Pensions - Articles - New research questions CFO's on risk to their DB scheme


Research released from Hymans Robertson which canvassed the views of CFOs of UK companies with DB pension schemes, found that a third are paying out more from their DB scheme in pensions than is being received in contributions. These CFOs say their primary focus for managing their schemes is ensuring they don’t have to sell assets at depressed prices to meet pensions promised to retired or former workers. 1 in 5 identified this as the biggest risk to their scheme.

 Key points:
 • A third of CFOs** recognise their Defined Benefit (DB) schemes are now paying out more in pension payments than received in contributions
 • Research* shows 50% of FTSE350 DB schemes are now in this situation
 • Awareness of the risks this poses is higher among CFOs than trustees – 1 in 5 CFOs recognise that a forced sale of assets to meet pension payments is the biggest risk to their DB scheme compared to only 4% of trustees
 • In 2015 £20bn more was paid out in pensions than received in contributions across UK DB schemes
 • This will increase to £100bn by 2030
 
 Earlier this month the Pension Regulator (tPR) underlined the importance of DB schemes understanding and managing cashflow risk for the first time.
  
 Commenting, Jon Hatchett, Partner and Head of Corporate Consulting at Hymans Robertson, said: “According to our analysis, 50% of FTSE350 schemes are already, or soon will be, in a situation where pension payments exceed the contributions coming into the scheme – in other words ‘cashflow negative’. The problem is only going to get worse as schemes become increasingly mature.
  
 “Being cashflow negative heightens the risk of being forced to sell assets at a time when you either hadn’t planned to or don’t want to, perhaps due to a dip in markets. Being a forced seller of an asset with a volatile price should be avoided at all costs, as during a market slump a greater proportion of the asset base needs to be sold to meet benefits. The remaining funds then have less potential to bounce back in a market recovery. It’s reassuring to see that CFOs are aware of this risk.
  
 “The past 16 years have been tough going for sponsors of DB schemes. Companies have spent £500bn on pensions since 2000, yet the combined deficit across UK DB schemes stands at £800bn. Forced asset sales destroy value and will only exacerbate the situation unless there’s a change in approach.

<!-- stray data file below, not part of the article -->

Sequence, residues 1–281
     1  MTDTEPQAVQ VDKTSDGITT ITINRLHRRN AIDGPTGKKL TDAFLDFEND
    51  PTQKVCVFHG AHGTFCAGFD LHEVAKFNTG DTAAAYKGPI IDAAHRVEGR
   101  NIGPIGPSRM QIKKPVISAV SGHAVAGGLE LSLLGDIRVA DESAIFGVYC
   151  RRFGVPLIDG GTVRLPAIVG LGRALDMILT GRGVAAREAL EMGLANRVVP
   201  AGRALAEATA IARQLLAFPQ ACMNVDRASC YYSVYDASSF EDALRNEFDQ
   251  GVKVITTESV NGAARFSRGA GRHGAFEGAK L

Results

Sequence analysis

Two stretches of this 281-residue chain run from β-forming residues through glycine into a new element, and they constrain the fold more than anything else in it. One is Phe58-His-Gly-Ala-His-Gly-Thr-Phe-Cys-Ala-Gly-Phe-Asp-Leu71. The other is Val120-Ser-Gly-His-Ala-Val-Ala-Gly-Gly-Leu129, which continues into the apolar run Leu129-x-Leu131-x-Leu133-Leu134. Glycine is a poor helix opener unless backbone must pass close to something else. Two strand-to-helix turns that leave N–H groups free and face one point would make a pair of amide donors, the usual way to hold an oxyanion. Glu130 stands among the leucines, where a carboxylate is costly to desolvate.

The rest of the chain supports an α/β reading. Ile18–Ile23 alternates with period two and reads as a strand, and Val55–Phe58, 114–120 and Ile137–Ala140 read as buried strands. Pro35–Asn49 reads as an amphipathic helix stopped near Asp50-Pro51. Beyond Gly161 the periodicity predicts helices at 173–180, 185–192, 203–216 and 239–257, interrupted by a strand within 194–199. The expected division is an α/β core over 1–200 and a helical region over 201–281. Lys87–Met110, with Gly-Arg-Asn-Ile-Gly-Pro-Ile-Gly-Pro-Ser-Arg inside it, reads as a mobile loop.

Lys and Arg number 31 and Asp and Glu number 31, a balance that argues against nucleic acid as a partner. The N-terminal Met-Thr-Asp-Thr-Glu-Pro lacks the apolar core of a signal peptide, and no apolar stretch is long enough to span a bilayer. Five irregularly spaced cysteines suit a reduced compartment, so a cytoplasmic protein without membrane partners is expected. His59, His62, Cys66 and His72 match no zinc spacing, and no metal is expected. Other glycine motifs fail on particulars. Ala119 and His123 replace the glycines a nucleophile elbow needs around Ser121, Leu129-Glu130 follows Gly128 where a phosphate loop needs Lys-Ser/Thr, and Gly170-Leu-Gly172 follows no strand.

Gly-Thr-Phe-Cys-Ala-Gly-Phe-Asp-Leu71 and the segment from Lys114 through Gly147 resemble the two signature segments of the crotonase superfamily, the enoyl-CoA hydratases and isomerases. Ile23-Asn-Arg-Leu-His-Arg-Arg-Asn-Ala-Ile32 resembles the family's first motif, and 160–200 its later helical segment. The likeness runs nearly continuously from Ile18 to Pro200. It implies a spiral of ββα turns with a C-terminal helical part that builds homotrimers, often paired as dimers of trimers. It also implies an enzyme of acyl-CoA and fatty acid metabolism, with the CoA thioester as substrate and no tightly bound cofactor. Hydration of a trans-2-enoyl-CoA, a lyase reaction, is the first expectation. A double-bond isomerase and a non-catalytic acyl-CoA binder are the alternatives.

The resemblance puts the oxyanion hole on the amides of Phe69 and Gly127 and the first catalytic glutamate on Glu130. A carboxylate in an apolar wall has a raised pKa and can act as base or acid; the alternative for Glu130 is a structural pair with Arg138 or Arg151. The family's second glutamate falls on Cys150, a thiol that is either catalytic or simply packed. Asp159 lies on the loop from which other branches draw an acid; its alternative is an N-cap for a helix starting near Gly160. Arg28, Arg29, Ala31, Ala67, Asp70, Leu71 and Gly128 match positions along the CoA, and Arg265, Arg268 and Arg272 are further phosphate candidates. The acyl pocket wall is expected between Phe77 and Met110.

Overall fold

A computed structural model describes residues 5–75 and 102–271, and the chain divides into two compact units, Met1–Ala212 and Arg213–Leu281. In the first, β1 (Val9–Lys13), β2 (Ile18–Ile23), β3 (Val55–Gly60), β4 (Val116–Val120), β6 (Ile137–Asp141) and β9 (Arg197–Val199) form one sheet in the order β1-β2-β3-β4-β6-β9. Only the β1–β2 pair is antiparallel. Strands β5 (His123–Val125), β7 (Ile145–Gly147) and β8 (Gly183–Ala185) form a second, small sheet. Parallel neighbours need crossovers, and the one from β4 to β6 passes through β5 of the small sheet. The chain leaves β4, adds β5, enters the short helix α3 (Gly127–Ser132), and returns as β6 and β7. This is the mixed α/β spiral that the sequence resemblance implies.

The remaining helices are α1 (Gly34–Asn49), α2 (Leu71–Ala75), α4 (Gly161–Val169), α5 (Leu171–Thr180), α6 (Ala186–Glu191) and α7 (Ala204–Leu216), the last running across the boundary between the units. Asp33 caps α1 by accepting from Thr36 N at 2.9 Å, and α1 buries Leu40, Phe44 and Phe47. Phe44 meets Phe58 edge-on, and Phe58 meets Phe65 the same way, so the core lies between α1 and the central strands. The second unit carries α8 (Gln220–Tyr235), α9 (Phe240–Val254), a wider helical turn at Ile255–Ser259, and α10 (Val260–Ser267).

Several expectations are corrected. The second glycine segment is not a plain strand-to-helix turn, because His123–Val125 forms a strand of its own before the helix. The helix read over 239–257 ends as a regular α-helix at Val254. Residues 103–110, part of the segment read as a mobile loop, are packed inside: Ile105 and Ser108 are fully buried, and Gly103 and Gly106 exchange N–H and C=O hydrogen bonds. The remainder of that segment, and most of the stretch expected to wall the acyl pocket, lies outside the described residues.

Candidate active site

“We were delighted to see the Pensions Regulator bring the issue to the fore earlier this month. The risk of being a forced seller of assets is largely a new one for DB schemes, but will continue to grow in scale. It’s essential to look at the cashflows generated by scheme assets and the extent to which they could meet liabilities. It’s an approach we have advocated for some time and it’s reassuring that it is beginning to gain traction in the wider market. The issue will be better managed as a consequence.”
  
 Discussing recent high profile pension schemes being assessed for entry into the pensions lifeboat, the PPF, he added: “The potential plight of BHS and other workers has brought the relationship between company sponsors and their DB schemes into the spotlight. It’s easy to jump to the assumption that if a company can pay more to shore up their DB schemes, they should do so.
  
 This won’t be right for everyone.
 “The focus on cash contributions has distracted too many from the greater challenge of managing the risks in pension scheme funding. Even if cash contributions were to magically double, they would still be dwarfed by the volatility of UK plc’s pension balance sheet. What we should be focussing on is ensuring contributions that are adequate in the circumstances and stable for the employer. This stability will provide management time and space for the challenging job of managing the risks in DB funding.”
  
 Providing a steer on what schemes should do to become more resilient to risk, he said:
 “Our clients have weathered the financial storms of the last few years well. They’ve become more resilient to risk by doing three things. First, having a clear purpose – setting measurable objectives to drive their strategy. Second, proceeding at a controlled pace, recognising there’s no need to be fully funded as schemes will be paying pensions for many decades to come. Making a conscious decision not to get to try and get to the end point as quickly as possible is one of the simplest ways to reduce risks and survive the bad times intact.
  
 “Finally, having more accurate and precise information upon which to base decisions. For too long schemes have been relying on member data that is up to three years out of date. This is a crazy state of affairs in the 21st Century, especially with the flux caused by the pension freedoms. Schemes can get valuations that are bang up to date at no extra cost. When they do it’s possible to make better decisions and take advantage of opportunities to de-risk.”
  

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